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Research on the 2015 MERS Coronavirus outbreak in Korea has earned national and university honors for research excellence and has timely implications for government policies around the world today.
Associate Professor Yushim Kim and doctoral student Chan Wang coauthored a study titled “Planned, But Not Planned Effectively: Public Health Emergency Response in Korea,” that was selected for the William Petak Award, the best conference paper on emergency and crisis management accepted for the 2020 American Society for Public Administration national conference.
Kim and Wang compared emergency response plans to actual practice. The study found evidence of passive engagement with unplanned organizations in the information network as well as a moderate inclination toward coordinating resources with unplanned organizations in the 2015 Korea’s MERS response. The authors conclude that planning efforts need to be directed to both calibrating the planned actors’ boundaries as well as targeting the functional response areas differently.
Their preliminary study, titled “Planned Actors Matter in a Crisis Response Network?” led by doctoral student Wang was selected for the 2nd prize (and a $1000 award) at the Arizona State University Graduate Student Poster Contest in Fall 2019.
Since Fall 2016, Dr. Kim has participated in an interdisciplinary research team at Hanyang University in Korea. She has examined how inter-organizational crisis response networks were mobilized and evolved during the Middle East Respiratory Syndrome (MERS) Coronavirus outbreak in Korea (May-December 2015). Dr. Kim spent more than two years collecting network data from different archival sources. In August 2018, the interdisciplinary research team was selected as the recipient of a ten million-dollar, seven-year grant from the Korea National Research Foundation. Dr. Kim is collaborating with other members of the university's engineering school to analyze the network data and extend the study with richer text-mined data.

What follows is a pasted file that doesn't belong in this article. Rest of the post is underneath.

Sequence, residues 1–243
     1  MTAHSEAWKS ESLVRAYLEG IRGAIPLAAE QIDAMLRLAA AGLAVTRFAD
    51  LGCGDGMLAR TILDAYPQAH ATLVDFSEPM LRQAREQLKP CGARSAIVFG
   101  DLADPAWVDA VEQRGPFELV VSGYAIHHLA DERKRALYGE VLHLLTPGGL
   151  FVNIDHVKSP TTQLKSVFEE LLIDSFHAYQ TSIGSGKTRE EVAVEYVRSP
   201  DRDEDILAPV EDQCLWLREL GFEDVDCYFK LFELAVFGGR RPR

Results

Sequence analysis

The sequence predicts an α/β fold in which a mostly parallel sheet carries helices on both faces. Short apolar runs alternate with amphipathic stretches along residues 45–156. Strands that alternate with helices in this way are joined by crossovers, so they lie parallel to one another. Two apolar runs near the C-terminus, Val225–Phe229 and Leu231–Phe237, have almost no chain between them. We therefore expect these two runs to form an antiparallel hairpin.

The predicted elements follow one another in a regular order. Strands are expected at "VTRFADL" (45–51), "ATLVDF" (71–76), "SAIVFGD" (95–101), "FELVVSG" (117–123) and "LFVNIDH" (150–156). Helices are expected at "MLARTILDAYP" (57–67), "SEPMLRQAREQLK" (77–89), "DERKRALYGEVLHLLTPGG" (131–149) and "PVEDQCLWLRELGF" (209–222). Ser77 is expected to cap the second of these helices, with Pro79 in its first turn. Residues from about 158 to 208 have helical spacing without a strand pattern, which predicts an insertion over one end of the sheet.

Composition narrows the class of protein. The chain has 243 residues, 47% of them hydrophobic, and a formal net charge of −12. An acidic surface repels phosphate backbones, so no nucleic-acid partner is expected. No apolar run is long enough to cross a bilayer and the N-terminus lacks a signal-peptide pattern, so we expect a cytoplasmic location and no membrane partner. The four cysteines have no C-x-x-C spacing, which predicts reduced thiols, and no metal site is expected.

One of her research objectives is to understand the role of public health preparedness and plans in crisis response. She has also performed a content analysis of Korea’s MERS response manuals (nine versions) to document their plans for coordination as well as their coordination in practice from news articles in the epidemic period and post-event whitepapers (December 2016).
Using the datasets, Dr. Kim and her doctoral student (Chan Wang) also published a proceeding on the evolution of coordination plans at the 53th Hawaii International Conference on System Sciences in 2020 (“Epidemic response coordination networks in “living documents”).
Dr. Kim published three other related articles with her colleagues in Hanyang University:
Chan Wang is scheduled to present another study on “An Emergent Group and Its Impact on Response Network Performance during a Public Health Crisis” at the Public Management Research Conference in June, 2020.